Get Your FreakAngels On

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Don’t get me wrong – I was really excited when I first heard Warren Ellis was going to launch his own webcomic. But I didn’t jump onto the bandwagon for two reasons. One, I didn’t want to lift the spotlight from the regular webcomic community until I was good and ready, and two, there’s so many webcomics out there it can be pretty easy to forget a few if you’re not careful. Trust me when I say FreakAngels is one you don’t want to forget.

The story of FreakAngels is somewhere along the lines of Village of the Damned twenty years later. Twelve immensely powerful children were born all at the same time bearing similar physical traits. Each could change the world in their own small way, but somehow all, when they all put their minds to the same goal, ended the world, inadvertently giving way to a flooded dystopian London. Now, the eleven children (one went rogue and was exiled) are all grown up and all coping with their powers in different ways, while protecting the relatively safe zone of Whitechapel from those who would do it harm. The gang is collectively known as the FreakAngels.

The webcomic has so far served to the various FreakAngels, who now must care for the wayward “stray” Alice, whom their AWOL member Mark Fox telepathically commanded to kill the FreakAngels. Best of all, the whole thing has Ellis’ quirky fingerprints all over it. From FreakAngel KK’s steam-powered helicopter to the massive makeshift watchpost overlooking Whitechapel, FreakAngels is one of the few post-apocalyptic works that mixes the gritty and urban with the fantastic and vibrant all at the same time. This is further reinforced by artist Paul Duffield’s extraordinary six-page-a-week effort, which has lead to some of the most breath-taking visuals in any webcomic, professional or not.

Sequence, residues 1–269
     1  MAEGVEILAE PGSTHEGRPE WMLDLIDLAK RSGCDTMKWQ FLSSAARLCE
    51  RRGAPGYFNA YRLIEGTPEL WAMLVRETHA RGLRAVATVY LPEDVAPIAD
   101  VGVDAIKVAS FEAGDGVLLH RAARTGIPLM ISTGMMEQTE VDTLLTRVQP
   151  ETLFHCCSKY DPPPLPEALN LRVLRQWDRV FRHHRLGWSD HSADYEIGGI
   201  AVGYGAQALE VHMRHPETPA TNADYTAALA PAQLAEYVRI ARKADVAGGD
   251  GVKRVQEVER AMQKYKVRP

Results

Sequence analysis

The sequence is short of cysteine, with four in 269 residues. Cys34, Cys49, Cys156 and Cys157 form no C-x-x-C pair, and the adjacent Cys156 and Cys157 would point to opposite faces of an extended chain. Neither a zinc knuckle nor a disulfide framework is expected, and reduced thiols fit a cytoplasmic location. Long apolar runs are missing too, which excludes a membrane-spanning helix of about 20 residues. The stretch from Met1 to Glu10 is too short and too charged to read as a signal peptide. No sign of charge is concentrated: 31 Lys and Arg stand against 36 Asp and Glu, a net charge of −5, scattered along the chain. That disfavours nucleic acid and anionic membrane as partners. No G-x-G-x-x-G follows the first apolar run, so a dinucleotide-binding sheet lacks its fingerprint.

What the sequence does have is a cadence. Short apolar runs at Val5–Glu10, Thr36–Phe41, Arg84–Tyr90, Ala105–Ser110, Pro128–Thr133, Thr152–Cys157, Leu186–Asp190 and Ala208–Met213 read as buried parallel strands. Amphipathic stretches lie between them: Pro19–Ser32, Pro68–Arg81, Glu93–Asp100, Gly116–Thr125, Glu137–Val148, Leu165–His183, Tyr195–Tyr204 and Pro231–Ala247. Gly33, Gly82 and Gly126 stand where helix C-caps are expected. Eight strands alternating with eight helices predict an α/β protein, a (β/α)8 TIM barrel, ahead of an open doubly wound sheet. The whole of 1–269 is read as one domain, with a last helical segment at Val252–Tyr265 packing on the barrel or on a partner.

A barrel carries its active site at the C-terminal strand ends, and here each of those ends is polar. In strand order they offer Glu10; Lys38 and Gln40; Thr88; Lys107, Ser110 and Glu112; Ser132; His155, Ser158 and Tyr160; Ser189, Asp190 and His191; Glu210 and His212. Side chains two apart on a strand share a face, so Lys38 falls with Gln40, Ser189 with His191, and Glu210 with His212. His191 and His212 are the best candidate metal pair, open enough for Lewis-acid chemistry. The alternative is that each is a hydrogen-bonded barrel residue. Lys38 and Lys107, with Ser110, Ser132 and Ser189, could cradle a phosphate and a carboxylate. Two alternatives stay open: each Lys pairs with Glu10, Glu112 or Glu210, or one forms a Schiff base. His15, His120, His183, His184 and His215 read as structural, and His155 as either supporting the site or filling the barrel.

FreakAngels is updated a bit differently than other webcomics. It is technically updated once a week, but each “episode” contains six pages. This allows each chapter to further develop the characters in organized fashion rather, but it does take a slight toll on navigation. There’s a previous episode button as well as next episode button, but the link to Episode One is out of the way (and slightly out of sight) somewhere to the side, leading to some initial confusion.

The site, sponsored by Avatar Press, is also extremely well-designed, but seems too minimal at times. Honestly, the site seems one massive link to the message board. The webcomic is still rightly the main focus of the site, but with a cast this huge, a Cast page is starting to seem like a necessity with every character introduced.

Overall, FreakAngels is a huge achievement for professional webcomics, in a time when the rest of the industry doesn’t seem to know quite what to make of the phenomenon. Savvy and original, FreakAngels is not only a great webcomic, but also a seminal read in the genre of post-apocalyptic sci-fi.  

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